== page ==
Angel Olsen, “Whole New Mess”

Angel Olsen
Whole New Mess

For all its darkness, All Mirrors, Angel Olsen’s fourth album, is a widescreen, neon-lit tour-de-force, vibrant and cinematic in scope even when at its bleakest. It was released last fall, lush with orchestral pomp and stunning, uninhibited vocals. Olsen’s music was always supercharged with emotion, but All Mirrors reels it all into focus and splashes it with technicolor.

But the imposing grandiosity of All Mirrors was never a given. The recording sessions began in October 2018 when Olsen decamped to The Unknown, a Catholic church-turned-recording studio in Washington converted by Mount Eerie’s Phil Elverum. She worked there for ten days, recording the skeleton of what would ultimately become All Mirrors.

Whole New Mess is the result of those recording sessions, an origin story for an album that somehow both deserves one and doesn’t really need one. It rips the sheen and pageantry away from All Mirrors’ songs to reveal music so raw and sparse you feel as if you’re pressing your ear up against the closet it’s being recorded in.

In a time of isolation, there’s an unmistakable resonance in Olsen stripping everything back to its very barest. But it doesn’t always suit the songs. There are at least a few tracks where the bigness is an inextricable feature; hearing them, this bareness sort of whizzes past the point, like watching Lawrence of Arabia on your Apple Watch. “Lark Song” comes to mind; “Lark,” the Mirrors version of the track, blindsides you with its orchestral underpinnings and dramatic climactic flourishes, while the alternative version feels like it’s building to a liftoff that never arrives.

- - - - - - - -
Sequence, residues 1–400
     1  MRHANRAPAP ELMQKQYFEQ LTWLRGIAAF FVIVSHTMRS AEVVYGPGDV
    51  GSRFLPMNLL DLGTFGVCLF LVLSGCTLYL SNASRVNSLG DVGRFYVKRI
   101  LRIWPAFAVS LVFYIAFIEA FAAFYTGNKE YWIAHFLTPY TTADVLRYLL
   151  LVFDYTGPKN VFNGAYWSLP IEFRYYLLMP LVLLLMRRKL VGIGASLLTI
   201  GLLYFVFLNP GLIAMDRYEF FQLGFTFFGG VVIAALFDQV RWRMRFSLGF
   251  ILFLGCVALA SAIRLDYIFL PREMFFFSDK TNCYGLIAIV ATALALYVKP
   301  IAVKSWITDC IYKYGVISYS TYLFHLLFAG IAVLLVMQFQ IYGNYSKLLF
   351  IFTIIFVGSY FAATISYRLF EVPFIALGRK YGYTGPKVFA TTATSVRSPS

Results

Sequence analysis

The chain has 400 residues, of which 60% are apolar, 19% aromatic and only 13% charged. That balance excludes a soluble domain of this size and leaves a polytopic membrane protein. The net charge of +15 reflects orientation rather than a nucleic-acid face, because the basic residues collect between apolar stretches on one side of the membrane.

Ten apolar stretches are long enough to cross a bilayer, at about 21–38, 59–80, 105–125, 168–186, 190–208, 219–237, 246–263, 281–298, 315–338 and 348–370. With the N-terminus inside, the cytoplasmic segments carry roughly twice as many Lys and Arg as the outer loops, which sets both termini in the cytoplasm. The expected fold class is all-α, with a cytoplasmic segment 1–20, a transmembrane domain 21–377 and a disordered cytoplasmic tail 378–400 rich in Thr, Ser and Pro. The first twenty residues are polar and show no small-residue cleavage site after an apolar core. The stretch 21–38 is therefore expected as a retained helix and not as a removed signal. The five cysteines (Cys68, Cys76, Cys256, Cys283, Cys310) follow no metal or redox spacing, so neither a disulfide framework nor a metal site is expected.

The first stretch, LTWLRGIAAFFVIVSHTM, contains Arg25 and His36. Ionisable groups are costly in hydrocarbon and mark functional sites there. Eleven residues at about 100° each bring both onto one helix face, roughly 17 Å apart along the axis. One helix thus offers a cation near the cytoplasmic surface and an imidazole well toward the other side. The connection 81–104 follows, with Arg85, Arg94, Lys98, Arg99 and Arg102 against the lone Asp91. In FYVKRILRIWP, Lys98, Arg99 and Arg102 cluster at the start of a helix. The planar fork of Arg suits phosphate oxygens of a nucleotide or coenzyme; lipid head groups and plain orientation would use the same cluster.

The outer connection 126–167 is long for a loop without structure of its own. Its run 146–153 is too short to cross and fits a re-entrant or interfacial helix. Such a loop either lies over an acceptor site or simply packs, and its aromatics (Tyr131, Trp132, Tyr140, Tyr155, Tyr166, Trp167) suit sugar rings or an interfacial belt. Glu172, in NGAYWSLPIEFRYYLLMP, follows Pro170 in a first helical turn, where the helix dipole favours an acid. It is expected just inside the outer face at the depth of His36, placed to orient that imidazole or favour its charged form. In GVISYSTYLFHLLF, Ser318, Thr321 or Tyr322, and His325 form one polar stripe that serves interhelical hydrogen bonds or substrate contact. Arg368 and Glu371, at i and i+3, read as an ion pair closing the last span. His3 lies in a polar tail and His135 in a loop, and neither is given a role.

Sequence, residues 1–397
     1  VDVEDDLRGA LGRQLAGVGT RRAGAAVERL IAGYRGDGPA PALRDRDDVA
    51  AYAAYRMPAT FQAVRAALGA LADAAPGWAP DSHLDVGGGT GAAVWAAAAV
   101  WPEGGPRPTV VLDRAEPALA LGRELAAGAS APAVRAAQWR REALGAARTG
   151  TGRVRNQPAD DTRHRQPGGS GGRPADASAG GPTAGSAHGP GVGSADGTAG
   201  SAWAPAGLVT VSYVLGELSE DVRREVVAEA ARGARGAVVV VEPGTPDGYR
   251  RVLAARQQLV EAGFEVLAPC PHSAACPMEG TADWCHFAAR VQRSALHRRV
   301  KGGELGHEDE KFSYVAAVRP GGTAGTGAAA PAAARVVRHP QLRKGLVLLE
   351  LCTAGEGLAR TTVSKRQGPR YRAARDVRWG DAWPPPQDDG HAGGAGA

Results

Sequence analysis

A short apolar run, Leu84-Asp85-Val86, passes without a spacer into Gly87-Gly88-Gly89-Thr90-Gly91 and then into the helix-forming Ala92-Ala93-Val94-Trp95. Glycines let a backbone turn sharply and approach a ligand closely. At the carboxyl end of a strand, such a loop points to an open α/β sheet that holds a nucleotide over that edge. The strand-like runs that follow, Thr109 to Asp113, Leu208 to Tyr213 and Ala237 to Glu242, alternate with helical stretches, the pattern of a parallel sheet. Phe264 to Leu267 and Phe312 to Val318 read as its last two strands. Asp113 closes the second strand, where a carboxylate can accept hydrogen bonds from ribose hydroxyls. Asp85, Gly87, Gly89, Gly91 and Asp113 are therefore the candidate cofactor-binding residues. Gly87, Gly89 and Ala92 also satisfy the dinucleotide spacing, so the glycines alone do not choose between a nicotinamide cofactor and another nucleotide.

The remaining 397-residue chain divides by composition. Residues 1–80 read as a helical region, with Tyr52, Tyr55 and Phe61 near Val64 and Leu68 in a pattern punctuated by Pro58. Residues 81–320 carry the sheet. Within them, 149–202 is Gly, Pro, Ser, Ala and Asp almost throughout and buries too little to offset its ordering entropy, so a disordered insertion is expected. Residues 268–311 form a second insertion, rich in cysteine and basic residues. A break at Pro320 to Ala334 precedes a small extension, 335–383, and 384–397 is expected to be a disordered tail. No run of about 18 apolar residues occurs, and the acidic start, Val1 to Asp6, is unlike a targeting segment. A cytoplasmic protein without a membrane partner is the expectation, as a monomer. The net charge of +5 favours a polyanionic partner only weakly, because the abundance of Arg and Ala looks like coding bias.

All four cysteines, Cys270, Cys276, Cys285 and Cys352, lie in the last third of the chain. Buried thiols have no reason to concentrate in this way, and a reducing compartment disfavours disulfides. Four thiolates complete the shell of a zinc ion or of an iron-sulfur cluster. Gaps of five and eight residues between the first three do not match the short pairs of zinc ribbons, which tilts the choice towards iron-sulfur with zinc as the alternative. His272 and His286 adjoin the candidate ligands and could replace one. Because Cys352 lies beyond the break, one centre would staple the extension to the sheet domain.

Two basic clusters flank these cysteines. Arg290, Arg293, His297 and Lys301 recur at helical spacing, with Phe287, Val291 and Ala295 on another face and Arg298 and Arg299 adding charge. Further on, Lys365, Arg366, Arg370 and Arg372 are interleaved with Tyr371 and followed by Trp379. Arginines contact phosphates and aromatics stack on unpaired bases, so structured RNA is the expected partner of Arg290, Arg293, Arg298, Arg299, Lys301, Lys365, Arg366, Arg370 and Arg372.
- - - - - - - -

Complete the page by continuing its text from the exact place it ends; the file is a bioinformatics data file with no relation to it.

Other songs, though, improve upon their predecessors, or at least fight to a draw. “Too Easy (Bigger Than Us)” is an interesting example; the All Mirrors version ambles with an almost danceable strut, whereas this one feels frozen in mid-air, calling to mind Radiohead’s twin versions of “Morning Bell.” “What It Is (What It Is)” is the closest thing the album comes to sunny pop, revealing an interpretation just as charming as the original. “(New Love) Cassette” and “(Summer Song)” both have a searing desperation that lends them a new sort of emotional weight.

The highlights of Whole New Mess are the two songs we’ve never heard before: “Whole New Mess” and “Waving, Smiling,” both of which resurrect the aching blues of Olsen’s breakthrough moments. They’re a reminder of just how indispensable Olsen’s talent can be. The rest of Whole New Mess is less resounding in its success; it largely works because these songs are still very good at their core. But the album is constantly straddling the line between compelling standalone statement and disposable curiosity.


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